The United States is home to more than 757,000 beef cow operations, and out of the entire country, Nebraska ranks first in commercial red meat production and second for having the most cattle and cows. In fact, the state has approximately 5 million head of cattle, but only 1.7 million residents. Richard Romanoff had roots in the Cornhusker State – his great-grandfather had a beef business there – and when he founded Nebraskaland in 1989, he named his company after the state that knew a thing or two about meat.
Just as its namesake dominates the nation’s cattle market, Nebraskaland is a leader in its region’s meat distribution market. Nebraskaland is the largest variety meats distributor in the Tri-State area, as well as the largest retail distributor in the New York metropolitan market. Crain’s New York Business also listed the company as one of the top 200 privately held operations.
“When the company got started, there were a lot of companies like this whose cornerstone was one of the main proteins, such as chicken or beef,” Executive Vice President Daniel Romanoff explains. “Nebraskaland was the first to center its operations around variety meats. It was a good area to be in early, and we expanded as more customers learned how we could serve them.”
Based in the Bronx, New York, the company’s service area spans from Boston to Baltimore, and its products include boxed beef, chicken, pork, lamb, veal and variety meats. Clients come on board and stay with the company, Romanoff notes, because of Nebraskaland’s quality and service.
“On Thanksgiving Day, one of our retail customers called us – he had forgotten to order 20 chickens and he couldn’t wait until Friday,” he recalls. “It wasn’t a problem for us – he brought his truck to our warehouse and we loaded it.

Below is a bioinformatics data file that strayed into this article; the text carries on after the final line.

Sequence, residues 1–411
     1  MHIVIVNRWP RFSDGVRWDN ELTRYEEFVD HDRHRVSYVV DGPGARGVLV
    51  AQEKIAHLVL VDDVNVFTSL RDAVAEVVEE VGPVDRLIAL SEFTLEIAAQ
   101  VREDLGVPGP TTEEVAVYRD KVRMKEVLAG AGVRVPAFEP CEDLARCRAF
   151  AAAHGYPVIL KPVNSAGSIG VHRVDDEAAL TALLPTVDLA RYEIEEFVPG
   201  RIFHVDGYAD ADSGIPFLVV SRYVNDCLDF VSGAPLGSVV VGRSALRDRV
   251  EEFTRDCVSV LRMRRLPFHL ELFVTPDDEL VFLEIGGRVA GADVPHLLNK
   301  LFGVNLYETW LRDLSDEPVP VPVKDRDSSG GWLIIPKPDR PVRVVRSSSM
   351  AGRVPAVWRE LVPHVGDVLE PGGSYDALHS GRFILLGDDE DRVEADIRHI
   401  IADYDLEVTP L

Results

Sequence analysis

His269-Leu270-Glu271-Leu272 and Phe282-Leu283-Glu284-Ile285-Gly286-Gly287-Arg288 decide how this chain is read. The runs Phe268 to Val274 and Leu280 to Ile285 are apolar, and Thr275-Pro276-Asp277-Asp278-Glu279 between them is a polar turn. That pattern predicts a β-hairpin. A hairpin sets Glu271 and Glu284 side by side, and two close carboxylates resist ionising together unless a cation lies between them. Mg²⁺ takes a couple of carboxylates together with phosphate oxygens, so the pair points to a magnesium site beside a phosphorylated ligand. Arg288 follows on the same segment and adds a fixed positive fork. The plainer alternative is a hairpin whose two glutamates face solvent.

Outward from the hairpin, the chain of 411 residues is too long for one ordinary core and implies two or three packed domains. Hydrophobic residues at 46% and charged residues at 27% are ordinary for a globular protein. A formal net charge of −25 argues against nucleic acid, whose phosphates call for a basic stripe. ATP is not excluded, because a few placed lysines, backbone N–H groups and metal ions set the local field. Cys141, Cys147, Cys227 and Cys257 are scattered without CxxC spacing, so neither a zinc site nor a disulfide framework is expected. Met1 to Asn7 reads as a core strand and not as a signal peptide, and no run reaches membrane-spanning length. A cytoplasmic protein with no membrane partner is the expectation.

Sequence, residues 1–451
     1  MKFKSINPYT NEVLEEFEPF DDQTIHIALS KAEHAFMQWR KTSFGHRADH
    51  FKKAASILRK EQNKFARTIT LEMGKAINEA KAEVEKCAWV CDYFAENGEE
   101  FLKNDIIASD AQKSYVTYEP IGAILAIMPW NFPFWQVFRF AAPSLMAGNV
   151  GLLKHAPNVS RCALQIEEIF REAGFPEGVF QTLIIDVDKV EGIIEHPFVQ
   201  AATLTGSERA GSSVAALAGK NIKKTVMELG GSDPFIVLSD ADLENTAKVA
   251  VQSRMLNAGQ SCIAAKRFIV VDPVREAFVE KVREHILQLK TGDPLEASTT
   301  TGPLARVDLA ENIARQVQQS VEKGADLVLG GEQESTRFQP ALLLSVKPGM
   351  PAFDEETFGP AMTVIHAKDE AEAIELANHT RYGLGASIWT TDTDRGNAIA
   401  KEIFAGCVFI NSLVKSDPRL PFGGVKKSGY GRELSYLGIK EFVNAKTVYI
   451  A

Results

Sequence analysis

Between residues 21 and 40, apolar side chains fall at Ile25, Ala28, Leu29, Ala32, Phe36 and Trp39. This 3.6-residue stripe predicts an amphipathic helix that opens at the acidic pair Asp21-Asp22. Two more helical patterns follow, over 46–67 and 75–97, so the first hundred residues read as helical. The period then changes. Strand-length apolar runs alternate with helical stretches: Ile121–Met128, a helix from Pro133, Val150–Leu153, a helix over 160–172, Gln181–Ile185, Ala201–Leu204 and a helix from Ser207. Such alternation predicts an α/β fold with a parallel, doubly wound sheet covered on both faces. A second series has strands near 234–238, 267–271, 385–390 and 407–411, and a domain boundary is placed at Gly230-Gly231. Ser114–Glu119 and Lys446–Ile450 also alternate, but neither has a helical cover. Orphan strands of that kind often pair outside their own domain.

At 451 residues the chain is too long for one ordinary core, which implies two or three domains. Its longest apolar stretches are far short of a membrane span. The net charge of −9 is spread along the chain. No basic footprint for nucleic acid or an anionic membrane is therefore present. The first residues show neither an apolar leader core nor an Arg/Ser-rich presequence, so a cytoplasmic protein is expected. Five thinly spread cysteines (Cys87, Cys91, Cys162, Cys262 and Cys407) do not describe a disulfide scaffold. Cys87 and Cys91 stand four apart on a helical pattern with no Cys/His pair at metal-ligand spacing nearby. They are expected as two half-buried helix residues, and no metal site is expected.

“We always have people available for second runs or to make late deliveries,” he adds. “We do all we can to ensure our customers have everything they need for their business.”
Nebraskaland’s goal is to be “the primary supplier to New York supermarkets and to provide the best service possible for customers,” Romanoff says. To this end, the company focuses on the quality of its orders and operations.
This past year, Nebraskaland integrated the Retalix management software into its systems to streamline operations at its 101,000-square-foot warehouse. Romanoff says this automated the company’s entire system and connected every department, providing everyone with more information and improving efficiency. It also implemented a paperless, voice-automated picking system, which has improved efficiency and accuracy of the orders.
“The new system definitely has made us more organized,” he says. “We have the same work force size, but we are more efficient – even with a heavier workload because we’re growing.”
Nebraskaland receives product directly from the packers, and nothing sits on the shelf for long. Every person at the company is responsible for quality.
“The picker checks the item when picked, and a second person checks the item’s condition before it is added to the rest of the order,” Romanoff says. “A third person checks the order and photographs the pallet, and a fourth person – the loader – checks to make sure the correct product is loaded onto the truck.”
The company also installed an automated routing system, and is adding GPS systems to the 45 trucks in its fleet.
“This gives us the most efficient routing for our orders and helps ensure we get orders to our customers on time,” he says. “The routing system also works with the GPS software on our trucks to show where our drivers are, if they’ve been at a client’s stop for too long, or if they are lost and need directions.”
Nebraskaland’s retail distribution operation is growing at a steady pace, but growing even faster is the company’s wholesale business, which it launched four years ago from an office in southern New Jersey. This unit primarily serves foodservice clients from Philadelphia to Boston, but it recently has expanded into western Pennsylvania, upstate New York and as far south as Baltimore.
In the last year, the wholesale unit tripled in size and Nebraskaland had to add three satellite offices to keep up with demand, Romanoff notes. It was the “hard work of all of our employees” that allowed the company to efficiently adjust and still meet clients’ needs, he says, and Nebraskaland’s service will ensure its continued growth in the wholesale and retail distribution areas.
“I am definitely proud of the relationships we have with our customers and the trust that we’ve built,” he says. “Everyone is buying the same product from the packers – the difference is how you handle that product and the service that you provide.”